It was an empty room, save for the long dusty tables streaked white with clay. I was in a classroom, waiting. Sometimes I was alone, other times standing with a line of other people. All waiting patiently for our teacher to arrive.
I'd already had this curious dream three or four times when one day, driving an unfamiliar route on an unusual errand, a phone number on a dusty awning at the corner caught my eye. An open ceramics studio? With 24 hour access? Where do I sign up? It was quite literally a dream come true.
There's something very therapeutic about working with clay, very grounding. Perhaps it's because it's true earth you're sinking your hands into. You pour yourself into this blessed mud, and what emerges is as real as a dream, transformed by fire to forge a concrete snapshot of your soul.
After spending a year contemplating the meaning of Life, the Universe, and Everything, and grown slightly weary of marveling at these lumps of earth and their connection to the lumps in my head, I noticed that the students (the others from my dream?) seated at the potter's wheels at the other end of the classroom sounded like they were having a lot of fun.
I'd tried learning how to throw several times previously, starting when I was in junior high, again in high school, and once more when I was in college. I had always found it frustrating and disappointing, especially since I was used to being able to manipulate most other media with at least some degree of competence. But I was ready for a change of pace and decided to give it another whirl. My first lesson was: do not use heavy sculpting clay for pottery unless you really badly need to exfoliate your hideously calloused monster hands, or you are interested in experimenting to see if the iron in your blood will stain your piece an interesting rust color.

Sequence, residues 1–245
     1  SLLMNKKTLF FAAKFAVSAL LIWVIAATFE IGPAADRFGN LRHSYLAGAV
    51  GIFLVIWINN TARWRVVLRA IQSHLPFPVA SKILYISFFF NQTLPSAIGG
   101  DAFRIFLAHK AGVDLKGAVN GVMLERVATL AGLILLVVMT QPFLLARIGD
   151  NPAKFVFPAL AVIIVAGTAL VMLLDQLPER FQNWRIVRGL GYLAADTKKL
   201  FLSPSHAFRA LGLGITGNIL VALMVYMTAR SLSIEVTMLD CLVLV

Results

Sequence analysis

Determined to get past the "I suck at this and I don't want to do it anymore" stage, I practiced (with better clay) as often as I could, turning out heavy, misshapen blobs that might have made good doorstops. Just when it was starting to seem hopeless, I suddenly figured out how to center. Now I was making heavy, ugly pots that would have been fine to keep by the entrance in case you needed to bludgeon an intruder. Hey, progress.
Little by little, over years, it's finally coming together. Throwing can be very meditative, and I think it helps to be centered yourself before you start. It has only taken 25 years of repeated effort, but at last I feel I've begun to get the hang of it. I still sculpt when the mood strikes, but I cherish my time at the wheel. I have learned so much from working with clay. You have to be patient. You can't rush the stuff. It's like a person. Some days it's perfectly charming, other days it just doesn't want to be messed with. Every clay has a different body, a different attitude, and needs to be tended accordingly. Some clay is very forgiving; porcelain however, has a memory, and I do believe it can carry a grudge!
Another thing I've learned is not to get too attached. Say you've just thrown the most perfect vessel you can imagine, and bequeath it on the spot as a birthday present to your favorite aunt before the wheel has even stopped spinning. Having done so, there's a great chance you will then nick the edge as you're putting it on the shelf, or bust through the bottom during trimming. Or suppose you've made it past the first firing and nothing's cracked or exploded. You know exactly which glaze you want and everything is going swell. But when you peer expectantly into the still toasty kiln, you note with dismay that a piece on top has dripped all over everything that was below it, permanently glooping up the design that took you 17 hours to carve by hand; or there was an unforeseen chemical reaction and instead of that vivid red you were hoping for, everything's gone a muddy brown; or your glaze was too thick and ran and your piece got stuck to the shelf and has to be broken off. C'est la vie! The gods do not favor perfection. It ruins a person. So you learn to relax and enjoy the process, and when things turn out well, it's like a gift.